4 Tricks for Avoiding Death by Info Overload

Posted on February 20, 2016 in Public Speaking, Slide Content, The Key to Make a Successful Presentation by Slideshop

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information overload

When speakers are asked to talk on a particular topic, some tend to believe that the more information they share, the better. There’s a too-common notion that sharing everything you know will help the audience considerably improve their personal or professional lives – and that the more you tell, the greater your credibility. And so these speakers unload vast volumes of facts, statistics, opinions, opposing views, secrets and speculations, all with no regard for the dangers of audience information overload.

What dangers? Well, though details may be useful, trying to absorb too many too quickly can overburden the brain. Unfortunately, audience members just aren’t capable of grasping and remembering every word they hear. They can’t control your information volume or pace. They have no way of hitting a “pause” button, buying a bit of time for consideration and comprehension. The most they can do is try to adjust somewhat to the presenter’s manner.

As a presenter, you’ve got to consider normal human cognitive limitations if you intend to be effective at information transfer. How? We’ve compiled some useful tools, tips and tricks for you.

#1: Pay Attention to Your Audience

For every item you consider adding to your outline, ask yourself this question: Does my audience care to know about this? Will they find it valuable? Some attendees will appreciate supportive details, but realize that even those who are highly interested in your topic don’t want to be bombarded with loads of unprocessed information, especially in a short period of time. Your task here boils down to identifying your takeaways – the high-value items you want to be sure your audience absorbs, understands, remembers and acts upon – and then focusing sharply on those key items.

#2: Structure Your Presentation

Some presenters end up beating around the bush and spouting irrelevancies because they’ve failed to give their talk any sensible structure. Audiences feel frustrated when they’re subjected to a little of this, then a disrelated bit of that, followed by a few more ideas at random – all without any solid point being made. They end up lost in a blizzard of irrelevant, disconnected detail, taking away nothing but a swirl of confusion – and perhaps a bit of a headache. To save your audience (and your reputation) from such a horrible fate, begin your preparations by grabbing pen and paper and outlining your talk in full. Choose the truly important messages and arrange them in a logical, easily comprehensible sequence. Then stick to that outline!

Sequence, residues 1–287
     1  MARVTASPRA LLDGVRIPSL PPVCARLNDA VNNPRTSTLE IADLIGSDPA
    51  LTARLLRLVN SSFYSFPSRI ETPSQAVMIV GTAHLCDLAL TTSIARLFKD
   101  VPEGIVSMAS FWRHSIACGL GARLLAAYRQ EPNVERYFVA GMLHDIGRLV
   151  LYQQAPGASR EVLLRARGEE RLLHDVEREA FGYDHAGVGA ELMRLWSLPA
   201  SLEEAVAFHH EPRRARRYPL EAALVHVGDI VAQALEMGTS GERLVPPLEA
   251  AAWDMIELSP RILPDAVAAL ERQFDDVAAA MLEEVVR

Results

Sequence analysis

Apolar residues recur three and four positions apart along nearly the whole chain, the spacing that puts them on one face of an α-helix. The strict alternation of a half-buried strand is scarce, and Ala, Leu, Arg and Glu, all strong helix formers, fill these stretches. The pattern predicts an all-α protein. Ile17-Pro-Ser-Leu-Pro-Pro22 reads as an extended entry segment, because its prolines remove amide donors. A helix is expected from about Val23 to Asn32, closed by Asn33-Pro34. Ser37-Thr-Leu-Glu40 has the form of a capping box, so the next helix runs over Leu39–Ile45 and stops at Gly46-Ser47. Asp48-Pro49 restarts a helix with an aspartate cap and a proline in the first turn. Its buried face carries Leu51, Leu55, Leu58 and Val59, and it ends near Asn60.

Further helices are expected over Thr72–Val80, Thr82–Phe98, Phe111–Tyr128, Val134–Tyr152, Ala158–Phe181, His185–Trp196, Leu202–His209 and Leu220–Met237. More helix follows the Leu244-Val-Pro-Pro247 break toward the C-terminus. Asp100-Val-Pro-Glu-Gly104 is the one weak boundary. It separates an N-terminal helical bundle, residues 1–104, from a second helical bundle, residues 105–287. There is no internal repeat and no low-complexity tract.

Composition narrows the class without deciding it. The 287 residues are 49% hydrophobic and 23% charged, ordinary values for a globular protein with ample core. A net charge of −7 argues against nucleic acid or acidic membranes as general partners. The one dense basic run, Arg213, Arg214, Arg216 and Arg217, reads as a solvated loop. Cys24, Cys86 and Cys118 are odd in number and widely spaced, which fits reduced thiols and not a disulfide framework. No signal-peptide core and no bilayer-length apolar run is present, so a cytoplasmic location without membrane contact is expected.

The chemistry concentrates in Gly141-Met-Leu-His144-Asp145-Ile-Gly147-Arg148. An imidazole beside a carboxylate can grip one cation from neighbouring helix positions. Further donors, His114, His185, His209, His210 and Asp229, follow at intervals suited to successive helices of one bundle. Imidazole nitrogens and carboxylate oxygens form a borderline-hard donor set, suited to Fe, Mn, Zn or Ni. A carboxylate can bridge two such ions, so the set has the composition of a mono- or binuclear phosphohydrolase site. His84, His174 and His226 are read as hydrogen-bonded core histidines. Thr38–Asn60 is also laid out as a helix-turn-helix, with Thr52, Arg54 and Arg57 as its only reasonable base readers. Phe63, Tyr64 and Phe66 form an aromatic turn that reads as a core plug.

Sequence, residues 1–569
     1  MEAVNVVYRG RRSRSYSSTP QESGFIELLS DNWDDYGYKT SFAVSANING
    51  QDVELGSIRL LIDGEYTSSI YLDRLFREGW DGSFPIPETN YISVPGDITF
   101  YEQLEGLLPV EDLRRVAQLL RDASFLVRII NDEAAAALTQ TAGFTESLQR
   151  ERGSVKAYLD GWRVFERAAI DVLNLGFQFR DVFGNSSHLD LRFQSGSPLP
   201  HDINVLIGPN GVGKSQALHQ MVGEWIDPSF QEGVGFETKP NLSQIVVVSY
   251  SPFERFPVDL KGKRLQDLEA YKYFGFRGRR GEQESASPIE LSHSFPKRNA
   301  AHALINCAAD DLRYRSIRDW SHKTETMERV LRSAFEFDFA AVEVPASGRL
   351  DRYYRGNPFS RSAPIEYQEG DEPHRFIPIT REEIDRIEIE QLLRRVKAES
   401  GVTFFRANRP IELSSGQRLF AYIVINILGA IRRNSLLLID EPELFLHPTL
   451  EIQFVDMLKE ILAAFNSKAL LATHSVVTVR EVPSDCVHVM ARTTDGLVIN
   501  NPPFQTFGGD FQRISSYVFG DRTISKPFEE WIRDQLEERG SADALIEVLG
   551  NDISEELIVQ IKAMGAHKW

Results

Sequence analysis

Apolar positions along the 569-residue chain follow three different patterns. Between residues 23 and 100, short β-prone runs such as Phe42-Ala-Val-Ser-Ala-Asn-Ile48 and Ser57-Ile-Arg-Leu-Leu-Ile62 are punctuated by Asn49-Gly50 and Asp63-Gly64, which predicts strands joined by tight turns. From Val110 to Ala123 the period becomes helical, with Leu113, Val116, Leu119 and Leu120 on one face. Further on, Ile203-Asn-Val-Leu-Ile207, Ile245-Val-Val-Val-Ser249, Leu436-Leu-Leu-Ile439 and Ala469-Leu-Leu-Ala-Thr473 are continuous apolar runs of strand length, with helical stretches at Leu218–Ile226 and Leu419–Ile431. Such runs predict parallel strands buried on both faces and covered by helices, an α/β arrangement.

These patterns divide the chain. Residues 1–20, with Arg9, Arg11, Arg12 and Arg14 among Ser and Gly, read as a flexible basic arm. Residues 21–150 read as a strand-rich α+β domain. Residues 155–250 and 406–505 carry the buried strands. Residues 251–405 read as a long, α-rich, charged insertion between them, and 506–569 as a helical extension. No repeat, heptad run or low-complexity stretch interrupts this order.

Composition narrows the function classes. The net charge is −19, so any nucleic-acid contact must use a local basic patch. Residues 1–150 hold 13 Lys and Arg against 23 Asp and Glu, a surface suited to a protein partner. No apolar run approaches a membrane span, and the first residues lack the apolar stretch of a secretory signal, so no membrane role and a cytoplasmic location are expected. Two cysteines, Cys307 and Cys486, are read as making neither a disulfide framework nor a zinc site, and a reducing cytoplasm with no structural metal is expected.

#3: Present Facts Gradually

Packing too many concepts into a single slide can overwhelm your audience, preventing comprehension and retention. Ideally you should emphasize just one idea per slide. This doesn’t always work well – sometimes you really do need to discuss a few closely related ideas in one slide. In such cases the animation feature of your presentation software can be brought into play, so that ideas can be introduced one at a time, each building upon the last until the whole picture is assembled. If you’re not a PowerPoint wizard and would rather not go through the complexities of animating slide elements, a similar effect can be achieved by slide duplication, as shown below.

#4: Point the way to additional information

Often you only get one chance to address a particular audience. But the fact that you won’t see them again doesn’t give you license to hit them with everything you’ve got at one sitting. Instead, treat your presentation as the launch-point of a lasting relationship with your audience, through these actionable steps:

  • Distribute handouts or additional learning materials
  • Create a page on your website where you provide links to more information and recommended resources – then encourage your listeners to visit and explore
  • Make it easy and inviting for your audience to reach you through email, social media or your blog

Do you have any other practical advice for preventing audience overwhelm and information overload? Please take a moment to share them in the comments below!

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